Being a child in slavery

Series Cultural Heritage

katibu

Someone, who wants to study the historical development of the enslaved child on Curaçao, will not easily find direct historical material regarding this particular group. The traditional sources hardly mention the social life of these children. In general, historiography has neglected children. Furthermore, the social life of the enslaved has not been properly documented. Presently, oral documents are used for this purpose in addition to the written documents. They can give some insight into the social life of enslaved children. For Curaçao, this means the use of stories, songs, proverbs and customs which have been collected by Paul Brenneker, Elis Juliana, and others.

One aspect of the social life of these children, which needs further study regards the social relationship  they as enslaved were able to build with their mothers and in particular their fathers. Just as adult slaves, enslaved children were also juristic objects. So, they had no rights and were deployed at a very young age to do certain types of work. Children born of enslaved mothers belonged to the master of the mother. This was also the case if the father was a free man. For practical reasons, the female enslaved was allowed to take care of her child. Later on, these children could be sold without the permission of the mother or the father. Ceding these children must have been hard for the mothers and fathers to endure. The Zikinzá collection of Paul Brenneker and Elis Juliana comprises several songs of mothers who sang this separation in a kind of desperate powerlessness. Hulia Jechi Isberto, born in 1881, heard this song when she was a little girl on one of the plantations on the island. It was about a mother who implored the Shon not to punish her by having her stay in a hole, because she was afraid she would never see her children again. She would rather be sold with her children.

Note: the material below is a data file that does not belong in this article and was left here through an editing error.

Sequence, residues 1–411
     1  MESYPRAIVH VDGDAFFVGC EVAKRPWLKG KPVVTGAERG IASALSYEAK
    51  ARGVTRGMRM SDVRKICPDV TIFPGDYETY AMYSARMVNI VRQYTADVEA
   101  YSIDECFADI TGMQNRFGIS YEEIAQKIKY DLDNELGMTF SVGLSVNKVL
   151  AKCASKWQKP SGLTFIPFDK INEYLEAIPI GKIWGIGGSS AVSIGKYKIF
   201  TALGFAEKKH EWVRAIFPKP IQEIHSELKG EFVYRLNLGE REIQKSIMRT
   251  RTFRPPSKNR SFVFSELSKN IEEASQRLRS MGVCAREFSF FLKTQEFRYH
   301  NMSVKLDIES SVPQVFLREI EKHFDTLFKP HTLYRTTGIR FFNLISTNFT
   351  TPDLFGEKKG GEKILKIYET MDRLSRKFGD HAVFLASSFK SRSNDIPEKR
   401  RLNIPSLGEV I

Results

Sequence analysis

O Beilo, ma mi ta mama di ocho yu Oh Beilo, but I am the mother of eight children
Oh Beilo Shonnan, bendemi, bende mi yu Oh Beilo, Master, sell me, sell my children
Oh Beilo, ma mi ta mama di ocho yu1 Oh Beilo, but I am the mother of eight children

No until 1839 was a law introduced which prohibited the separation of a mother and a child younger than twelve years of age (Renkema 1981:133). The mother-child separations continued in spite of the prohibition, as can be concluded from the fragment below from an interview that I had with Ma Tuda from Westpoint, born in 1881. Her father worked as a slave boy for a doctor in town.

R.A.: How old was your father when he died in 1921?
G.A.: I don’t know. In those days people did not know how old they were. He did tell me, though, that he was born in the time of slavery. When he was still a little boy, a doctor came to the plantation and asked the owner for a slave child. He needed someone to clean his office. The owner then asked the mother of my father. Oh no, she said, if he leaves, I will lose him. No, said the owner, the doctor will take good care of him, after all, he is a doctor. My father was a little child at the time and did not yet go to school, nor to catechism class.2

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1 Zikinzá, T560
2 Interview Allen in August 1983. Informant was born in 1881 at the western countryside of Westpoint.

 

Enslaved men were encouraged to beget children as much as possible by various women, while they did not have to worry about taking care of these children. This does not mean that there was not an affectionate relationship between slave children and their fathers. There are cases known in which free fathers purchased the freedom of their children. Slave masters also begot children by slave women, who were not always taken care of by their fathers. Children that were born of such a relationship had, however, greater social opportunities due to their lighter complexion. They also had more chances of being declared free. In a society in which people were valued according to physical characteristics and complexion, a child with “kolo” (light complexion) and “bon kabei” (straight hair) had a head start. It complied after all more with the somatic sense of values than a child that was “pretu maho” (dark and ugly).

Developments that took place in society of course have their effects on the social circumstances of children and determine in that manner also being a child in society. Therefore, there should be more investigations studying the social developments of children during the time of slavery. In doing so, the socialization processes that took place in that period deserve attention.

Sources

Brenneker/Juliana, Zikinzá collection, stored at the National Archives(NatAr).
Renkema, W. E., Het Curaçaose Plantagebedrijf in de negentiende eeuw. De Walburg Pers, 1981.
Römer-Kenepa, Nolda ‘Vrouwenleven op Curaçao; Laat achttiende eeuw en vroeg negentiende eeuw.’ Hoofdvakskriptie “nieuwe tijd”. Amsterdam, 1980.

Text: Rose Mary Allen. Illustration: Public Library Curacao.